A woman’s body is always changing. It changes during the menstrual cycle, pregnancy, breastfeeding and menopause (when menstrual period ends). Women especially need to pay attention to changes in their breast because all women are at risk of breast cancer.  Breast are made up of glands, fat, and fibrous (thickened) tissue. They respond to changes in levels of the hormones and estrogen and progesterone during your menstrual cycle. Hormones cause a change in the amount of fluid in the breast. You may also notice other changes and tests:

  • Aspiration Biopsy: A procedure in which fluid or tissue within a cyst is withdrawn through a needle for study.
  • BRCA1 and BRCA2: Genes that increase your risk of breast cancer and certain other types of cancer.
  • Breast Implants: Sacs filled with saline or silicone gel that are placed in the breast or chest area.
  • Estrogen: A female hormone produced in the ovaries that stimulates the growth of the lining of the uterus.
  • Fibrocystic Changes: Formation of benign cysts and lumps of various sizes in the breast.
  • Genes: DNA “blueprints” that code for specific traits, such as hair and eye color.
  • Hormone Therapy (HT): Treatment in which estrogen, and often progestin, is taken to help relieve some of the symptoms caused by the low levels of hormones produced by the body.
  • Mammography: A procedure in which X-rays of the breasts are used to detect breast cancer.
  • Progesterone: A female hormone that is produced in the ovaries and that prepared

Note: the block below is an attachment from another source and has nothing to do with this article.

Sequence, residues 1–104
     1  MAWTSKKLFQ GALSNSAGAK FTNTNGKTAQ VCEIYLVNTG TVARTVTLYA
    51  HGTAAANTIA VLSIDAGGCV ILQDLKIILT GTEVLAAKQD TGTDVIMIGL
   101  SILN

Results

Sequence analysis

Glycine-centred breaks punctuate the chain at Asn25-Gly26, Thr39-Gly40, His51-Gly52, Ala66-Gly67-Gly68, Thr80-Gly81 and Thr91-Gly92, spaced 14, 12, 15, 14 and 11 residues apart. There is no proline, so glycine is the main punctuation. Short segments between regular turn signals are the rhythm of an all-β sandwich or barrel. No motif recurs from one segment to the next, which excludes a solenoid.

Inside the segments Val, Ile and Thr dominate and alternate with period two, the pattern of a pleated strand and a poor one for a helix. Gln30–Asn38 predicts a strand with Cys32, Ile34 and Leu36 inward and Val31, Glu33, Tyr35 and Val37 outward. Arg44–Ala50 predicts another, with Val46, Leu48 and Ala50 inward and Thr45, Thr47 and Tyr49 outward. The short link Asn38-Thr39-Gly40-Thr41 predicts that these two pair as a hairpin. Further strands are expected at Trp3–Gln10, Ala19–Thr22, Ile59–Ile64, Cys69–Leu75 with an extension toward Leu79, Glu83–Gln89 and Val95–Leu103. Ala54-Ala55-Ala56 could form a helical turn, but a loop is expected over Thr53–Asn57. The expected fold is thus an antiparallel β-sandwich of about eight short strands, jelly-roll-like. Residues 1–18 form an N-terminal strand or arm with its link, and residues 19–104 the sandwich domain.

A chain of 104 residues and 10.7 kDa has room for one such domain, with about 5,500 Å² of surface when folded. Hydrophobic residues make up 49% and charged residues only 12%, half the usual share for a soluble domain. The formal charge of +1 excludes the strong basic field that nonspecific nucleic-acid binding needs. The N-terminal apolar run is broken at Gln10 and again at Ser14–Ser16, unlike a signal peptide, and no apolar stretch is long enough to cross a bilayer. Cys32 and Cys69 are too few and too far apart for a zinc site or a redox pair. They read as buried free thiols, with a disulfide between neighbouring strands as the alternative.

• Progesterone: A female hormone that is produced in the ovaries and that prepares the lining of the uterus for pregnancy.

Clinical Breast Exam

Women aged 20-30 years should have a breast exam by a health care provider every 1-3 years. Women aged 40 years and older should have an exam annually. A breast exam by a health care provider takes only a short time. The breasts are first checked for any changes in size or shape. The health care provider also looks for puckers, dimples, or redness of the skin. You should tell your health care provider if you have seen any discharge from your nipples or any other changes. He or she will then check each breast for signs of problems.

Breast Problems In Women

Most breast problems in women produce only minor symptoms. Because all women are at risk of breast cancer, you should be aware of how your breast feel. Regular breast self-exams can help. Let your health care provider if you notice any changes. Most breast problems, especially in younger women, are benign (not cancer). Common symptoms include:

  • Lumps (which may be felt in one exact place or throughout the breast)
  • Discharge from the nipple
  • Tender areas

Check your breasts every month by doing a self exam. Contact us for any questions or to set up an appointment at the first sign of any problem and get recommended mammograms.